Whether you’re a seasoned winter runner or you’ve just started venturing out into the cold this year, you’ve likely experienced a small amount of chest pain or a burning sensation in your lungs during your winter run. This feeling is generally not dangerous, but it is uncomfortable enough to make some people retreat indoors for the entire season. If you’ve experienced discomfort in your chest and lungs from running in the cold and are questioning whether you should continue your winter running routine, don’t give up just yet. Continue reading to learn why your lungs don’t like the cold, and what to do about it.
What happens to your lungs in the cold?
When you breathe in, your lungs humidify and heat the air as it enters your body. Cold air irritates your lungs and causes them to narrow, making it more difficult to breathe. At the same time, they’re trying to humidify and heat the air as quickly as they can. Cold air also has very little moisture, so it’s easy for your throat and lungs to get dried out if you haven’t hydrated enough before your run.
Runners who already have a respiratory condition (for example, asthma) may find the cold air even more difficult to deal with. The good news is, it does get easier over time as your body adjusts to the weather, and there are ways you can combat cold-weather lung problems.
How to protect your lungs in the cold
When the temperature is less than 0 C, you may want to consider wearing a scarf or mask of some kind over your mouth while you run. This will help to humidify the air you’re breathing before it reaches your lungs, lessening some of the strain on your lungs and helping alleviate the discomfort you’re feeling.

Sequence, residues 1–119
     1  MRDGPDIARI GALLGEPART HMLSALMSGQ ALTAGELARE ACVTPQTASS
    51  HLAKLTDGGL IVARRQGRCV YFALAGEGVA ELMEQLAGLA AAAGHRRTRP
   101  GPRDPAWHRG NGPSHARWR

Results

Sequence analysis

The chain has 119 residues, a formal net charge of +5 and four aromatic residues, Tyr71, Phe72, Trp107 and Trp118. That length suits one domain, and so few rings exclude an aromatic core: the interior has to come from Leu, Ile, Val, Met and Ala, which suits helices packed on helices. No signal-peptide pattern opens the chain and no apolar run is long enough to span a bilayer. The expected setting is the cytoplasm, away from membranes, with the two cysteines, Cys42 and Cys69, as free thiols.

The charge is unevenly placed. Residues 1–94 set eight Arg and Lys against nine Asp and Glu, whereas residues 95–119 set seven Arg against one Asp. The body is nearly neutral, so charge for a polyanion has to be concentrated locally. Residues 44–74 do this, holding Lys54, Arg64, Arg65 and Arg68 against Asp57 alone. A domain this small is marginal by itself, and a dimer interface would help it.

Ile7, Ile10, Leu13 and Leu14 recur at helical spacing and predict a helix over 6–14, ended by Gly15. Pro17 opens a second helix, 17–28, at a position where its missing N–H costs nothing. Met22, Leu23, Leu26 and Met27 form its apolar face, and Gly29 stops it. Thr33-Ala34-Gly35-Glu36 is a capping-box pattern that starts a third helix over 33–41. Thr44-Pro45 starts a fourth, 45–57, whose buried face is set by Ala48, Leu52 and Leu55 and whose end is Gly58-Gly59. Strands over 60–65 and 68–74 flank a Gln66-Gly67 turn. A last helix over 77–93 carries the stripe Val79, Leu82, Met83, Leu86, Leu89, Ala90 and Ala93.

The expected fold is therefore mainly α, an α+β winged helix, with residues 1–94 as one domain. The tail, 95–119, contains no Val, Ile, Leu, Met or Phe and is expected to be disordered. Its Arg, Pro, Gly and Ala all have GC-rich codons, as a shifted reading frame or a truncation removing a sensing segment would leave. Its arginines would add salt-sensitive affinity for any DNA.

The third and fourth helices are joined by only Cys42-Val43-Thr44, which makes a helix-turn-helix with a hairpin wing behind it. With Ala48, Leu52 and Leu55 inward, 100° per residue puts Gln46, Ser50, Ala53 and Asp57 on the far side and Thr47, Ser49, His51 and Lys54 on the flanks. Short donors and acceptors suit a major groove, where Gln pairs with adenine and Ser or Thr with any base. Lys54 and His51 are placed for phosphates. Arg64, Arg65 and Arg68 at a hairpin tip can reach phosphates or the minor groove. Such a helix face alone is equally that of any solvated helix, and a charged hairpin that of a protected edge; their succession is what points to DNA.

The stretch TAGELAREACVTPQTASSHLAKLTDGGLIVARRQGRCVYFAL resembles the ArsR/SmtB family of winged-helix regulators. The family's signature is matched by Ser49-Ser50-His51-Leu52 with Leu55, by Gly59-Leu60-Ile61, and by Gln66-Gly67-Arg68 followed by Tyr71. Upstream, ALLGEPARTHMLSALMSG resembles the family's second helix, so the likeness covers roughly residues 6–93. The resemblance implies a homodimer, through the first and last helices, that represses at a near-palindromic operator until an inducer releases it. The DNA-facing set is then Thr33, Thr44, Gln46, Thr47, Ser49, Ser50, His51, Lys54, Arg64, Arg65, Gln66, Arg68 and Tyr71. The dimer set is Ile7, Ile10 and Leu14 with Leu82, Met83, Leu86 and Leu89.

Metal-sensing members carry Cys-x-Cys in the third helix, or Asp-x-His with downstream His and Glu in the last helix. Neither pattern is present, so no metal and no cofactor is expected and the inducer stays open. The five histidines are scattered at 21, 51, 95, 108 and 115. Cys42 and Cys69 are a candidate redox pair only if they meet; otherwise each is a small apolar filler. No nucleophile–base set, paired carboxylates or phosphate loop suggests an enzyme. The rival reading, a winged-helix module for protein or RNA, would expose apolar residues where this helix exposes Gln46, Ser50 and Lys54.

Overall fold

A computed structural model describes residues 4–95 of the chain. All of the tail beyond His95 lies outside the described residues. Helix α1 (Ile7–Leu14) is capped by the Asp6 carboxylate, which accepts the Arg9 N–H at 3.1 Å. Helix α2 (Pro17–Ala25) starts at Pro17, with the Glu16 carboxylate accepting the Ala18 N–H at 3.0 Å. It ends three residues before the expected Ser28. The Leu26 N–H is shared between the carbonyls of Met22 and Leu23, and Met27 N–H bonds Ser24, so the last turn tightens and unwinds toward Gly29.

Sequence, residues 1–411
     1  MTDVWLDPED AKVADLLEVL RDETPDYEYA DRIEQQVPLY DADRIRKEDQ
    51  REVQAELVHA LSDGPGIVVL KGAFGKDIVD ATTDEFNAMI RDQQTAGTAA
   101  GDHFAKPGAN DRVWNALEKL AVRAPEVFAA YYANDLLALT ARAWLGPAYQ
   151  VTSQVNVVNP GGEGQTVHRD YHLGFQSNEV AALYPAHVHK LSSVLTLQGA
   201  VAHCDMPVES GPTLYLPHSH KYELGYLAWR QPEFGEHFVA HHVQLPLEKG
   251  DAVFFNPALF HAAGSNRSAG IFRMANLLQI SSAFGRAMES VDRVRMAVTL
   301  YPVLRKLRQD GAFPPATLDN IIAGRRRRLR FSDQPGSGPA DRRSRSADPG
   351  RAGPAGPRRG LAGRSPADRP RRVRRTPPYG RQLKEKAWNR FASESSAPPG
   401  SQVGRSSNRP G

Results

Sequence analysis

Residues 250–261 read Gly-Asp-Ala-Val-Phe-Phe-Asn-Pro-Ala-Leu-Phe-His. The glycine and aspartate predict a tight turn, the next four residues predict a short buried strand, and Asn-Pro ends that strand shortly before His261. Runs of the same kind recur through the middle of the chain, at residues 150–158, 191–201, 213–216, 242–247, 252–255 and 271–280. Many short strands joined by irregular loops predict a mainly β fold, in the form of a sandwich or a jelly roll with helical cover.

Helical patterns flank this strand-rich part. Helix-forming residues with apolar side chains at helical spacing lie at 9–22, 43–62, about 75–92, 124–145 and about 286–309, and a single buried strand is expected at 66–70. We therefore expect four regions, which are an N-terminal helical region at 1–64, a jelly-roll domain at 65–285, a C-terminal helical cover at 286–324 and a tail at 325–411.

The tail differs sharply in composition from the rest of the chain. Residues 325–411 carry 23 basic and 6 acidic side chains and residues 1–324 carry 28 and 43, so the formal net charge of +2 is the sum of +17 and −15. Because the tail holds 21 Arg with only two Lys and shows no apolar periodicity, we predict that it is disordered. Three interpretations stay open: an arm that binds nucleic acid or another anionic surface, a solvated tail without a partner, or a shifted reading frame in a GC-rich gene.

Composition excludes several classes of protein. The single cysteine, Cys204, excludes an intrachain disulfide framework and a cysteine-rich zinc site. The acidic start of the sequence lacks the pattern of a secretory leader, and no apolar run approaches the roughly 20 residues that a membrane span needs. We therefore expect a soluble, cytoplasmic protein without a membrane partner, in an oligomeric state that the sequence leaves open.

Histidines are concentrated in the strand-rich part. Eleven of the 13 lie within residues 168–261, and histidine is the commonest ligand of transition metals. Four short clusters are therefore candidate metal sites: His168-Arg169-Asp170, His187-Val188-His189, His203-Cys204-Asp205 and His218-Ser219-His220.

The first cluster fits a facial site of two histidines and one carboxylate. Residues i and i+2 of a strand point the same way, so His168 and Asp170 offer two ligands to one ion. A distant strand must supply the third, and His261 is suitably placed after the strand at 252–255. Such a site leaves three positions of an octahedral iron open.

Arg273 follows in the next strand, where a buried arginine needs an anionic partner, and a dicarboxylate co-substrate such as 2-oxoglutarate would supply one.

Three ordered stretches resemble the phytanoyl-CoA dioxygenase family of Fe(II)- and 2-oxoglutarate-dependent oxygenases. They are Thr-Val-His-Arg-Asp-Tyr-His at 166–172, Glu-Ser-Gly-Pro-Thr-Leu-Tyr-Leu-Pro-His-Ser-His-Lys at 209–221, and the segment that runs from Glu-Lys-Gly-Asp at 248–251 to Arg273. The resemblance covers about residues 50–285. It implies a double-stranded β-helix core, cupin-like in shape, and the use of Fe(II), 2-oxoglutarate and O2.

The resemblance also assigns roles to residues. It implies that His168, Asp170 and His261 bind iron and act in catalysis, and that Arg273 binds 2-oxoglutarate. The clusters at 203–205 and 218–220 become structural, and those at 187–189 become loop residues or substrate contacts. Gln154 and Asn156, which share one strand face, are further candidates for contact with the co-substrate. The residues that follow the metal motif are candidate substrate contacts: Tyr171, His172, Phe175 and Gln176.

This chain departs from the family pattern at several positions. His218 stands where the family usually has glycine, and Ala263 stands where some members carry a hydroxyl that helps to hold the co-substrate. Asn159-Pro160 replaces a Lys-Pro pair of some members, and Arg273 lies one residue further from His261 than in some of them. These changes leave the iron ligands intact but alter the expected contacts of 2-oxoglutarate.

Ensuring that you’re drinking enough water and other fluids throughout your day can also help your lungs handle the cold better. Many people remember to drink water during the hotter summer months, but even in the cold, you need to stay hydrated. If you’re running in the morning, try having a tall glass of water before heading out, since you likely haven’t drunk anything for several hours when you first wake up.
If you find you get a nasty, dry cough after running in the cold, try taking a hot shower soon after you get back inside. The humidity created by the shower can help moisten your lungs’ mucous membranes that have been dried out by the cold, and of course help to warm you up in general.
Finally, when you’re running in the winter it’s important to modify your expectations and remember that you may not be able to run the same speeds you can on more temperate days. Instead, try focusing on effort rather than pace, and simply enjoy the opportunity to get outside and get some fresh air.
When to talk to a doctor
In most cases, chest tightness or irritated lungs will subside shortly after you finish your run. If these feelings persist, you may want to talk to your doctor to make sure you’re not experiencing a more serious respiratory issue. Additionally, if you have a medical condition that affects your lungs, like asthma, you will need to be more careful than others when running in the cold. Always be sure to use your inhaler before you head out for your run, and if you don’t already, bring it with you just in case.
This story originally appeared on the Canadian Running Magazine website.